Over the last 40 years, Al Jarreau has earned a devoted following among jazz fans in the U.S. and across the globe for his scat-inspired delivery, but even after all of those years, the 72-year-old musician's enthusiasm hasn't diminished a bit. In fact, Jarreau's voracious appetite for good music, regardless of genre, has been with him since childhood.
"I was inundated by great stuff from an early age, all the way to the top of my heart and soul," Jarreau says. "As a kid, I listened to Nat King Cole, Billy Eckstine, and Sarah Vaughan and all of that. I fell in love with that music, but I also became a big fan of R&B and rock 'n' roll. And then along came a vocal group from Paris called Les Double Six, and they stole my heart some more. Then music from Brazil, which just rolled me over backwards."
Best know for his smooth-groovin' hit "We're in This Love Together" and the theme to old Moonlighting television show, Jarreau's latest effort is Al Jarreau and the Metropole Orkest: Live. Jarreau partnered with acclaimed conductor and arranger Vince Mendoza and Holland's Metropol Orkest, a 53-piece orchestra, for a two-night engagement at the Theater aan de Parade in Den Bosch, Netherlands. While the Metropole Orkest normally performs classical works, this collaboration leaned more toward the swing that Jarreau loved as a youngster. The album features renditions of such standards as "Spain (I Can Recall)" and "Cold Duck" as well as a sophisticated reworking of "We're in This Love Together."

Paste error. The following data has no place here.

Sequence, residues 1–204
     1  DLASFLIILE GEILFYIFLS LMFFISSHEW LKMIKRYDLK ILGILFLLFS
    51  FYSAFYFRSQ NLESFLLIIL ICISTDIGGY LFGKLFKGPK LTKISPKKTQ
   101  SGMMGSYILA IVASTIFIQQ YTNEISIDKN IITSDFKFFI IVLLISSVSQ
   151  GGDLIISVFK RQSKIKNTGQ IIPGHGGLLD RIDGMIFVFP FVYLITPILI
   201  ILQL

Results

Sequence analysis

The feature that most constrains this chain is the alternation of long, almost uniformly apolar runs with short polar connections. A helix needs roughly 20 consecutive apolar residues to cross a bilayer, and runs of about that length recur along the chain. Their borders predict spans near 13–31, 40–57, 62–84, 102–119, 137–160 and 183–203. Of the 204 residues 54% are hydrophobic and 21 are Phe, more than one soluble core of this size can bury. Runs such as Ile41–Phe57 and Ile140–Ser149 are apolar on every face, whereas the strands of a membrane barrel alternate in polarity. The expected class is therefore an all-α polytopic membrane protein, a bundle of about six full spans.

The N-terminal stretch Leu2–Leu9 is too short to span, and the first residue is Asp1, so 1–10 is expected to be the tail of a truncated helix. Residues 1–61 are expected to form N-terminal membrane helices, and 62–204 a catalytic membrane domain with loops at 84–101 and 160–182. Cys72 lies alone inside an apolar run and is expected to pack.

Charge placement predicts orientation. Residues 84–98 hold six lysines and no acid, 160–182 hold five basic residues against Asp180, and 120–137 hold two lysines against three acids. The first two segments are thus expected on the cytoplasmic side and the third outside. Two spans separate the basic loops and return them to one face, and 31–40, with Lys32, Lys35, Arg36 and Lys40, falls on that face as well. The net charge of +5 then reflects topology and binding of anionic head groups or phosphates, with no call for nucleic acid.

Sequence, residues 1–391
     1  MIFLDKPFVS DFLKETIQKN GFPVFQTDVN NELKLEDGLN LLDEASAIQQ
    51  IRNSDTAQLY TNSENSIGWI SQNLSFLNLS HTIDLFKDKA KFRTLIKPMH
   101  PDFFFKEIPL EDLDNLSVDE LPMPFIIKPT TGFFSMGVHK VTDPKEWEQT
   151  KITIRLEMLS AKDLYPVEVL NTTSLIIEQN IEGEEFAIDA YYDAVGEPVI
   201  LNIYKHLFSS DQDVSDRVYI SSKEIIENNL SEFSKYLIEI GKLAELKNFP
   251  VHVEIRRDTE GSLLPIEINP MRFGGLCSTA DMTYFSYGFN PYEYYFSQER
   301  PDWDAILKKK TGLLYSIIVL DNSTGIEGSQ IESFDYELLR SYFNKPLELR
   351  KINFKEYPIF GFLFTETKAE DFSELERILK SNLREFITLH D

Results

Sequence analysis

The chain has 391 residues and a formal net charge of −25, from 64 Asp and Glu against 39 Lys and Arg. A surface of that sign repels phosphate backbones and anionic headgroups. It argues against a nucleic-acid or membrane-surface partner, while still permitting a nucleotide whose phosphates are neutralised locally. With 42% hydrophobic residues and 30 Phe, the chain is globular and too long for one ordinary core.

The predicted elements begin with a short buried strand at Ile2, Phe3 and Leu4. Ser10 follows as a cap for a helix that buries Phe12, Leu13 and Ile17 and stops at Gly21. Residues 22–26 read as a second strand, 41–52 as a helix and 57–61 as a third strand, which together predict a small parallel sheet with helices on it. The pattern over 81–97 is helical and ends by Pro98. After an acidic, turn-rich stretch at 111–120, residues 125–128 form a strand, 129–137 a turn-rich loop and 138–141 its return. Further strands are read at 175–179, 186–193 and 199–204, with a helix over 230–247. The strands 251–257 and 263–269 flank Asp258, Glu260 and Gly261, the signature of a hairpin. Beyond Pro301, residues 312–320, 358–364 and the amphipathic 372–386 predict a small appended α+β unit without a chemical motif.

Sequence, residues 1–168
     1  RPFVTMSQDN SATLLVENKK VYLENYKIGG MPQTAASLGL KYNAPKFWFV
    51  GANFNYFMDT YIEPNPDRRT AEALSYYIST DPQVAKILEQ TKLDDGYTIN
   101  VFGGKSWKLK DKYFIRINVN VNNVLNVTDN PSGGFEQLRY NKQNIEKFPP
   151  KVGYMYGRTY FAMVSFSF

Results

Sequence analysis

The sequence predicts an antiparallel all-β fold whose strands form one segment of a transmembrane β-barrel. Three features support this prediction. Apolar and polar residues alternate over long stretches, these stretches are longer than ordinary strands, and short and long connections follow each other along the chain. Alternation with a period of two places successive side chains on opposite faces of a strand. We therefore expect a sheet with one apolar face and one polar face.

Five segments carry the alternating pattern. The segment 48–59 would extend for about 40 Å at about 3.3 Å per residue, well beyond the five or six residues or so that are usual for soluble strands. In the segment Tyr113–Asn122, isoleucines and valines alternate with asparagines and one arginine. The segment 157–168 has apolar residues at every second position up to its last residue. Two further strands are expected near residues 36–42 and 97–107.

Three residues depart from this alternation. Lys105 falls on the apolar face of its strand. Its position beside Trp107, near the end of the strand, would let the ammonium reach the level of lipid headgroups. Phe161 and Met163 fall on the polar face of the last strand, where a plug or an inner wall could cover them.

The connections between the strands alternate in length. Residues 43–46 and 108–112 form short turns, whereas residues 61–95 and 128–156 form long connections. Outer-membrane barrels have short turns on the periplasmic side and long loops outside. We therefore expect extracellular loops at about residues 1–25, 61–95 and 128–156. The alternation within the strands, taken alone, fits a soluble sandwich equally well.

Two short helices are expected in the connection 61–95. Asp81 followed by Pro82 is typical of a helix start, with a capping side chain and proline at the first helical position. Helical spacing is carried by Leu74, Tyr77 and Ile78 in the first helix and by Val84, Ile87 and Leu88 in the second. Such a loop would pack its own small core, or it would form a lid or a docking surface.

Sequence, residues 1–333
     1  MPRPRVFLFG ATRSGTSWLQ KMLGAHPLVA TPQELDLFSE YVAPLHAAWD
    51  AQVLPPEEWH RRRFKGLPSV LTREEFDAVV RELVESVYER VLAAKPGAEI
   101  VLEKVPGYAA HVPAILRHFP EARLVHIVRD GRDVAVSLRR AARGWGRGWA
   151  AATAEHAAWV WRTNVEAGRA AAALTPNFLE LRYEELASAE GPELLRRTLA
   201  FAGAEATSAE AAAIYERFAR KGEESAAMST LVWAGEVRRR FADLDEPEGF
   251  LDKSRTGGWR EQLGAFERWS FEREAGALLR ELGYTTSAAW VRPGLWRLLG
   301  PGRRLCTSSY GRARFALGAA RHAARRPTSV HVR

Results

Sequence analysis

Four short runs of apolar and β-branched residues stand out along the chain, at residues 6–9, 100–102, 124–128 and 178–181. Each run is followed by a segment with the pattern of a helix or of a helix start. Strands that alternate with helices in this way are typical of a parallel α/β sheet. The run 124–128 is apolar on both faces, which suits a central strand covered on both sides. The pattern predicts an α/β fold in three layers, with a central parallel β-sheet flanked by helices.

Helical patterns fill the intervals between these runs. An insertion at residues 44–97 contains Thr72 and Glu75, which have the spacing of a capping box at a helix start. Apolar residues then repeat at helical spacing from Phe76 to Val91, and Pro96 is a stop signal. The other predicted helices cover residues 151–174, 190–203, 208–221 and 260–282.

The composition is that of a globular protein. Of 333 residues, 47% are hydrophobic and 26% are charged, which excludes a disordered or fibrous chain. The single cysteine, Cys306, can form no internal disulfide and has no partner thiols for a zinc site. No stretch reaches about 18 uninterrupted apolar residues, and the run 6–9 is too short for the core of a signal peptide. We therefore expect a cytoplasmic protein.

While the album features elaborate orchestral arrangements, Jarreau and his regular quintet keep the material tight and jazzy on stage. As part of the three-day Lowcountry Jazz Fest at the North Charleston Performing Arts Center this week, Jarreau will have musical director Joe Turano on keyboards and sax alongside guitarist John Calderon, drummer Mark Simmons, bassist Chris Walker, and pianist/flautist Larry Williams.
"My band and I have a great chemistry," he adds. "It's a great family to be a part of."
The Lowcountry Jazz Fest features a variety of modern jazz talent. Veteran alto sax player David Sanborn and multi-instrumentalist Brian Culbertson bring their collaborative, smooth-jazz "Dream Tour" to the PAC stage on Fri. Aug. 31 with an opening set from guitarist Matt Marshak. Guitarist Norman Brown, keyboardist Alex Bugnon, and sax players Gerald Albright and Ronnie Laws headline the fest on Sat. Sept. 1. Saxophonist Jessy J will perform a Sunday morning jazz brunch at the nearby Montague Terrace (adjacent to the Coliseum) at 11 a.m. on Sun. Sept. 2. Jarreau and his band headline the final event on Sunday evening.
"I fell in love with the improvisational attitude early on because that's the way you express what you're feeling right at that moment," Jarreau says. "I try to bring that to the table, no matter the event."